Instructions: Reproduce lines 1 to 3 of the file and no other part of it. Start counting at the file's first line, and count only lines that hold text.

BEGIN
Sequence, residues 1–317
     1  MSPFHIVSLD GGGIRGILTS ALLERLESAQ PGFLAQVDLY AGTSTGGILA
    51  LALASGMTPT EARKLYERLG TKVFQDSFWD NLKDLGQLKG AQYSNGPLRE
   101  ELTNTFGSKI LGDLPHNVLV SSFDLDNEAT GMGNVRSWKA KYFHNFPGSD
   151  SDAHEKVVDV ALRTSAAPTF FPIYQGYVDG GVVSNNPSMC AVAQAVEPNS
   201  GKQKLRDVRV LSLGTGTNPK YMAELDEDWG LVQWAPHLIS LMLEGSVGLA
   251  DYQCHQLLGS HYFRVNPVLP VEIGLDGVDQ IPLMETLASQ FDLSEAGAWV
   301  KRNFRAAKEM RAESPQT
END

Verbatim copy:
Sequence, residues 1–317
     1  MSPFHIVSLD GGGIRGILTS ALLERLESAQ PGFLAQVDLY AGTSTGGILA
    51  LALASGMTPT EARKLYERLG TKVFQDSFWD NLKDLGQLKG AQYSNGPLRE